New measures to stop rip-off agents taking advantage of people by pocketing their tax repayments have been proposed by HMRC.
To achieve this, HMRC have launched a 12-week consultation Raising standards in tax advice: Protecting customers claiming tax repayments to consider ways to better protect taxpayers from Repayment Agents who make routine tax claims on people’s behalf but can take up to half, or even more, of the payment.
Taxpayers can use Repayment Agents to make claims for repayments of tax, and many are happy with the service they receive. On the other hand, many taxpayers have complained that the scale of the charges are unclear or even hidden, while questions have been raised about how some agents secure agreements from customers.
What protection will HMRC propose?
HMRC’s consultation proposes many ways to better protect the public from unscrupulous practices and ensure they receive the money they are entitled to, while also asking various questions to better understand the problem.
This includes seeking views on:
- restricting the use of assignments, where contracts legally transfer the right to a repayment from a taxpayer to an agent.
- introducing measures designed to ensure taxpayers see material information about a repayment agent’s service before entering into a contractual agreement.
- requiring repayment agents to register with HMRC.
What has prompted this action by HMRC?
HMRC is aware of a number of specific concerns with the industry including excessive amounts of commission charged for routine tax repayments that can be claimed online by taxpayers for free.
There is also convincing evidence that many taxpayers do not understand the terms they are signing up to and feel misled, some even believing they are dealing with HMRC directly rather than a third party.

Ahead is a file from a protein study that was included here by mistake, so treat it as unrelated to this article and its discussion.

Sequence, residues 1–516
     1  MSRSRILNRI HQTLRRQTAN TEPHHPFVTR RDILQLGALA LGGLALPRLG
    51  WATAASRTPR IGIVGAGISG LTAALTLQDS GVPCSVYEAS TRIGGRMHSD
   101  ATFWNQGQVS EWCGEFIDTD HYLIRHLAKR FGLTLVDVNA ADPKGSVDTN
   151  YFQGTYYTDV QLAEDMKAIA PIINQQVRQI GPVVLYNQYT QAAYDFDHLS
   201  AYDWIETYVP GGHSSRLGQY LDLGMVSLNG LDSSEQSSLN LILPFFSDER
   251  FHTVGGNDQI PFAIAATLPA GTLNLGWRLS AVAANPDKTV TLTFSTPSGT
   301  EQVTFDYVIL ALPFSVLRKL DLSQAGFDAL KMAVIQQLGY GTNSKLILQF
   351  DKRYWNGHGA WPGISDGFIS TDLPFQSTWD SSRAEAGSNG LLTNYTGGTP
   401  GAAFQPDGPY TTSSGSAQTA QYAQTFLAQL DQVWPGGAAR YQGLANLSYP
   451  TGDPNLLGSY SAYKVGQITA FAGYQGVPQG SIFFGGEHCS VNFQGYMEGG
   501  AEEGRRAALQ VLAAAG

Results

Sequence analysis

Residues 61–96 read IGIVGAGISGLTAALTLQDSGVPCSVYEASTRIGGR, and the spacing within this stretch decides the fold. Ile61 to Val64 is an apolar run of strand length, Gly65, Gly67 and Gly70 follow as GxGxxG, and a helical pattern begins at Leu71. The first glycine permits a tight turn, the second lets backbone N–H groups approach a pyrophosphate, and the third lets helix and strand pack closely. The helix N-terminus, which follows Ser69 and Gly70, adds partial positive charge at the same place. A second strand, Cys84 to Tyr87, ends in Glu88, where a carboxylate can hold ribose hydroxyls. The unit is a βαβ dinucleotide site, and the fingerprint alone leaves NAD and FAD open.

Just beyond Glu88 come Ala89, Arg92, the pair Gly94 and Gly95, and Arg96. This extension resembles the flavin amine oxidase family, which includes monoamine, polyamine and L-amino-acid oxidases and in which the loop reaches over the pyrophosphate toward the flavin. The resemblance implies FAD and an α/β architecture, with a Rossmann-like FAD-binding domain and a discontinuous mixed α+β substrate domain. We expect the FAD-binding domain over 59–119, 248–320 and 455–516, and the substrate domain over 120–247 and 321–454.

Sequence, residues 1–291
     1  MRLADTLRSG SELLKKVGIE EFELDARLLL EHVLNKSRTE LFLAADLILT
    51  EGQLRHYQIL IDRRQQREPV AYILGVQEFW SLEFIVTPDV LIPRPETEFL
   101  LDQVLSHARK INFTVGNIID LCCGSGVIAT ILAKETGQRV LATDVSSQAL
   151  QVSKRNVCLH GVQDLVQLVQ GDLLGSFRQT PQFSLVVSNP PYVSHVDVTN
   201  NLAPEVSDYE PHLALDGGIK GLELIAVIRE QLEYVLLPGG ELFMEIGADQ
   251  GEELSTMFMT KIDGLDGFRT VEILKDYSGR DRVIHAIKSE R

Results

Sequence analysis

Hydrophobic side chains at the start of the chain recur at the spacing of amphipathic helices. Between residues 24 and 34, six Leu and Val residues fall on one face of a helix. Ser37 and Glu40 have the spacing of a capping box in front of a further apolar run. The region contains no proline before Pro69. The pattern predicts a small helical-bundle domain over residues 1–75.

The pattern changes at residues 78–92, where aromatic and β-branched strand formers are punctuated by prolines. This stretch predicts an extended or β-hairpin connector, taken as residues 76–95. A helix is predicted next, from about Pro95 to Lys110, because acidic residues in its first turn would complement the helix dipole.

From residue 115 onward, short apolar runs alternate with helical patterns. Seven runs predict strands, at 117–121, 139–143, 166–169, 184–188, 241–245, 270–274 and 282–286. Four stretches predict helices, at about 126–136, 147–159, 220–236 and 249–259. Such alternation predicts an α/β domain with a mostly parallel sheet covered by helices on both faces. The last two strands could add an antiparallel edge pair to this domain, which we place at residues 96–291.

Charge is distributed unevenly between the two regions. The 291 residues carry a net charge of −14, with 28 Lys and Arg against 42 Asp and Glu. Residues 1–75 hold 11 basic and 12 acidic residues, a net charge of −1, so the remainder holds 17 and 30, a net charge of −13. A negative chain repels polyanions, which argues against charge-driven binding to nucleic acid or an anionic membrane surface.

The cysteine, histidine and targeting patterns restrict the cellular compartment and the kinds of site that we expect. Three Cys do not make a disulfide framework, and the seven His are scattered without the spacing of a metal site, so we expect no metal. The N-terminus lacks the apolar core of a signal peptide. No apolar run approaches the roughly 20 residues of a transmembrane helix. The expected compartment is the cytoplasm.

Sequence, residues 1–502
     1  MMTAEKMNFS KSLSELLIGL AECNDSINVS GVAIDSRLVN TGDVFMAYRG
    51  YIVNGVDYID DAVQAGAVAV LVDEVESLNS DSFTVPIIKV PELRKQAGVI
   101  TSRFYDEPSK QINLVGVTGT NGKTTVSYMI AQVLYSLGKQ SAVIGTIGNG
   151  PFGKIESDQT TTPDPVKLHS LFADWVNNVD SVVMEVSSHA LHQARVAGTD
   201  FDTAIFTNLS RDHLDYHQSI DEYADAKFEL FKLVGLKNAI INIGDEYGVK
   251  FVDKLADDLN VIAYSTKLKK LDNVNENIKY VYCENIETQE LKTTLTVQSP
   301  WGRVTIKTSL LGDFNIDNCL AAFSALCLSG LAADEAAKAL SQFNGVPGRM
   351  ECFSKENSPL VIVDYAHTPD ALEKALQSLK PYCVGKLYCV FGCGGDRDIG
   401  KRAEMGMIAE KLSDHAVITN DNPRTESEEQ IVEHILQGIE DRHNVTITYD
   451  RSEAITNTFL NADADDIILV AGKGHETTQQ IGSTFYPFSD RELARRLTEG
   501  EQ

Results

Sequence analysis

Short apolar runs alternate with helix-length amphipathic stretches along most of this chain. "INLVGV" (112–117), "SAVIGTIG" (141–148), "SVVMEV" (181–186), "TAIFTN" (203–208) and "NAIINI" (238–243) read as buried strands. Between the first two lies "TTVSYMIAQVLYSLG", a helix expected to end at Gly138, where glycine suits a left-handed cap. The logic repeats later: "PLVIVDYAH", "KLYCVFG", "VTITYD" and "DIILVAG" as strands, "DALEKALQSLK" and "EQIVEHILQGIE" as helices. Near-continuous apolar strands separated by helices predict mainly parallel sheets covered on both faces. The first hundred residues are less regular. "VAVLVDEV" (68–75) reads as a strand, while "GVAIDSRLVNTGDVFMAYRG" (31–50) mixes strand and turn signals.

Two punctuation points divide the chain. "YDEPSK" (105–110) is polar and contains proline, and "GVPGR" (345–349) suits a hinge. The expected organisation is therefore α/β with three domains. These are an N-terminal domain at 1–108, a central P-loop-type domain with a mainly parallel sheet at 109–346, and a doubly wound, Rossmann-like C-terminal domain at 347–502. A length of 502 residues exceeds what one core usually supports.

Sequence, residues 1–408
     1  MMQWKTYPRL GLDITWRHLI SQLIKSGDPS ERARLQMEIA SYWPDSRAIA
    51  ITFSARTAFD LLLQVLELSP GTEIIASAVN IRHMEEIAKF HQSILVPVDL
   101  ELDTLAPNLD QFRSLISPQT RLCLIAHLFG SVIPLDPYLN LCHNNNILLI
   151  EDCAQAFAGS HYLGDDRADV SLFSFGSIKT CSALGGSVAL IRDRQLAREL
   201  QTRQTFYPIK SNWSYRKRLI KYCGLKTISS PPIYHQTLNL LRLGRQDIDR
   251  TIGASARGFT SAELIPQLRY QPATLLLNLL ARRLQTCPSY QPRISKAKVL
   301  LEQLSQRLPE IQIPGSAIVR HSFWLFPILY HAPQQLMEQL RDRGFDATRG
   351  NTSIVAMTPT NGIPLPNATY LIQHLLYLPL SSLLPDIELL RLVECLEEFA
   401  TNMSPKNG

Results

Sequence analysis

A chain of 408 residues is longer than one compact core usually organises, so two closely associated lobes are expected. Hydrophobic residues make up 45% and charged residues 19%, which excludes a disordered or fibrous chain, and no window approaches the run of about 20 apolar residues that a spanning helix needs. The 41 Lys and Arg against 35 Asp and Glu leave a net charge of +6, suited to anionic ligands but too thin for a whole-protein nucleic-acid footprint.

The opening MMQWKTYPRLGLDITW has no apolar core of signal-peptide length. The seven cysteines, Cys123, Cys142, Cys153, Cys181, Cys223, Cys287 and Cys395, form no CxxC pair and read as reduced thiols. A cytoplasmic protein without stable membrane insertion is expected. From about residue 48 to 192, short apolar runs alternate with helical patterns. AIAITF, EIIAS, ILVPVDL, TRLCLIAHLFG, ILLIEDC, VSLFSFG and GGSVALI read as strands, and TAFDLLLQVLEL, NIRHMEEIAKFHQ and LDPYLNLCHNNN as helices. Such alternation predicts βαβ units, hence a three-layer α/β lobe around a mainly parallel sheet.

Other concerns include the submission of high volume or speculative claims where no repayment is due, resulting in delays to genuine claims, as well as the use of assignments which means the repayment goes to the Repayment Agent instead of the taxpayer.
The consultation is now open and will run until 14 September 2022.
HMRC is reminding taxpayers that they remain responsible for their own tax. If they do appoint an agent, they should take care to ensure they are aware of fees and the terms and conditions of service, and not to share their HMRC login details with them. HMRC has published standards for agents and will act against agents who breach them.
Questions to ask when choosing an agent:
- is the agent a member of a professional body that regulates their conduct and standards?
- will the claim be made in accordance with HMRC’s view of the law, or is HMRC is likely to challenge the validity of the claim if they look into it?
- if the agent will deduct their fee from my tax repayment and HMRC later looks into my claim and asks for the repayment back, how will I recover the agent’s fee from them in order to fund the tax bill?
- does the agent have insurance to cover them if something goes wrong, and are they registered for Anti Money Laundering supervision?